Berkeley City Hall


2134 Martin Luther King, Jr. Way map it


designated in 1975


Bakewell and Brown, Architects, 1908
Listed on the National Register of Historic Places

This was Berkeley’s City Hall from 1909 to 1977. It sits on the site of the Town Hall that burned in 1904. It remains a source of civic pride and a symbol of Berkeley. Now commonly known as “Old City Hall,” it is the keystone of Berkeley’s Civic Center where public buildings are grouped around a central park. John Bakewell and Arthur Brown, Jr., the building’s architects—both of whom were graduates from the University of California—designed other city halls as well, including San Francisco’s. In 1972 the American painter, Romare Bearden, was commissioned to do a large mural for the City Council Chamber. One image from it was the inspiration for a City logo.

At the June 27, 1908 cornerstone-laying ceremony, University President Benjamin Ide Wheeler proclaimed, “The Capitol at Washington cannot stand unless our town-houses have good cornerstones—firm-set and true.” Declaring that the new City Hall would be “our town-house,” Wheeler spoke of his hope “that we will respect the rights of others; that we will all be citizens and stay amateurs; that we will live together in mutual helpfulness; that we will try to make Berkeley the best town there is.”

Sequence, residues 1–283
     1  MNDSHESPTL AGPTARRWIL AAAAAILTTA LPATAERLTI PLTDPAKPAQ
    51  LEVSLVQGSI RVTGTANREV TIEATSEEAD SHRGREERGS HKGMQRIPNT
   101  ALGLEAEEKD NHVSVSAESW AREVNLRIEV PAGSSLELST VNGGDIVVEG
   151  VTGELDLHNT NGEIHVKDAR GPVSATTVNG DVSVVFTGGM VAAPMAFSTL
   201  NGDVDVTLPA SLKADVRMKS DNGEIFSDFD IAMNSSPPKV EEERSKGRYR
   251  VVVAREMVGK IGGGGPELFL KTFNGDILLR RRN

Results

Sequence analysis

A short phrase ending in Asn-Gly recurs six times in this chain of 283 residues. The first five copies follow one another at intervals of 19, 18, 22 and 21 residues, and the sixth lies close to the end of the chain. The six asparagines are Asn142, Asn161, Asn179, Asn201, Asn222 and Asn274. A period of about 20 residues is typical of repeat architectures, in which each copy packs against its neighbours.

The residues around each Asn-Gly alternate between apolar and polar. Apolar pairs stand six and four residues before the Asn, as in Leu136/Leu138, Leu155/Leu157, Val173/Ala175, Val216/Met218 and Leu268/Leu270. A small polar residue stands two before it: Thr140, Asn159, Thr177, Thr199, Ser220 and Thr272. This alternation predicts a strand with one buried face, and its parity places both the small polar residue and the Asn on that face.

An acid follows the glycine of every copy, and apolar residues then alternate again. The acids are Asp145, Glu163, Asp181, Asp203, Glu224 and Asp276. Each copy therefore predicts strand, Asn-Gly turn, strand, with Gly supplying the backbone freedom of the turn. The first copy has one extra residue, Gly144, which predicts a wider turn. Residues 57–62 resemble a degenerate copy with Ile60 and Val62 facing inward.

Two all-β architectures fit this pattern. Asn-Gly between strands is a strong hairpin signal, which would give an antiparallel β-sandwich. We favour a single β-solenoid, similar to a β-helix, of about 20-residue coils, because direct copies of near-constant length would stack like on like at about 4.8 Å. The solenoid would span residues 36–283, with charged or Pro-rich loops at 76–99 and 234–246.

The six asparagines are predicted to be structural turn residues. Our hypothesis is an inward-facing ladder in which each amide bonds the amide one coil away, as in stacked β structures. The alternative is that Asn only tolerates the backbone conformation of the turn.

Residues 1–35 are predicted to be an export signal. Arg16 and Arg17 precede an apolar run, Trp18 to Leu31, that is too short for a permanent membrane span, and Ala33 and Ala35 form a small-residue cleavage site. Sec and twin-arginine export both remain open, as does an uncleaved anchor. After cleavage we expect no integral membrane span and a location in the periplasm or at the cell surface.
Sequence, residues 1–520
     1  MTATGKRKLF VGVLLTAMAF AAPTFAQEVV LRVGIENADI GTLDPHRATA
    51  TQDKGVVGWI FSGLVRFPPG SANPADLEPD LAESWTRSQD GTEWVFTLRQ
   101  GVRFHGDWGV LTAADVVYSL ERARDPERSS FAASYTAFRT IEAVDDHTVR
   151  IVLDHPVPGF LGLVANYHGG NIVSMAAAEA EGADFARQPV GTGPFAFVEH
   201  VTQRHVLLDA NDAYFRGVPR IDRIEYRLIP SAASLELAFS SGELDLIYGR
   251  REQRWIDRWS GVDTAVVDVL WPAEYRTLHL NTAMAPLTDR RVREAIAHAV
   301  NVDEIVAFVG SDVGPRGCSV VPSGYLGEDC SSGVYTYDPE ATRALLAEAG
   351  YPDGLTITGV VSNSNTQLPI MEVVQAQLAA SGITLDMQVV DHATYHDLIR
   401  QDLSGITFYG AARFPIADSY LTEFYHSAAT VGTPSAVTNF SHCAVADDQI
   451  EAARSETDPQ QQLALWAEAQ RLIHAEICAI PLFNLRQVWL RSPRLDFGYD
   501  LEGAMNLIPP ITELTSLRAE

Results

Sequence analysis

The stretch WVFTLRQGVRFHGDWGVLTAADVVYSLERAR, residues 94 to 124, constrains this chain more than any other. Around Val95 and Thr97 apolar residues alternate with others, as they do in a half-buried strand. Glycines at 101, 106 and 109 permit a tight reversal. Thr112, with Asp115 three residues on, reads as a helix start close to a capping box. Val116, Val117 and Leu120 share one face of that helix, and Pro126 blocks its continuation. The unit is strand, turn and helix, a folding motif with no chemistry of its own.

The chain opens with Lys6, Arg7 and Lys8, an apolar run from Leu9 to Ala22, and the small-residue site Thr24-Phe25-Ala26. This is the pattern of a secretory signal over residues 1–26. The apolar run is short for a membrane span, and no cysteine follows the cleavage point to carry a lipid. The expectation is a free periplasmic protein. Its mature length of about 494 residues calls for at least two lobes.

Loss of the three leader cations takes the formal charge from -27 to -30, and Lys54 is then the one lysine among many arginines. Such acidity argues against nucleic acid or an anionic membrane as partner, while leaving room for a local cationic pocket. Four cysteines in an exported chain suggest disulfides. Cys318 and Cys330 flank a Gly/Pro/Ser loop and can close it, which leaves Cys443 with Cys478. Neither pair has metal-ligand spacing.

Berkeley Historical Plaque Project

  • City Hall (1971), photo Arthur Gough, BAHA Archives.

  • City Hall (2010), photo R. Kehlmann.

  • City Hall with City staff, BAHA Archives.

  • Scale Drawing, bay of front facade (ca.1907), BAHA Archives.

  • City Hall stairway to Council Chamber, Library of Congress.

  • City Manager Report 1928-29, BAHA Archives.

  • City Hall’s cupola saved, Berkeley Gazette (1989), BAHA Archives.

More information:
Berkeley Daily Planet

Photo credit abbreviations:
BAHA: Berkeley Architectural Heritage Assn.
BHS: Berkeley Historical Society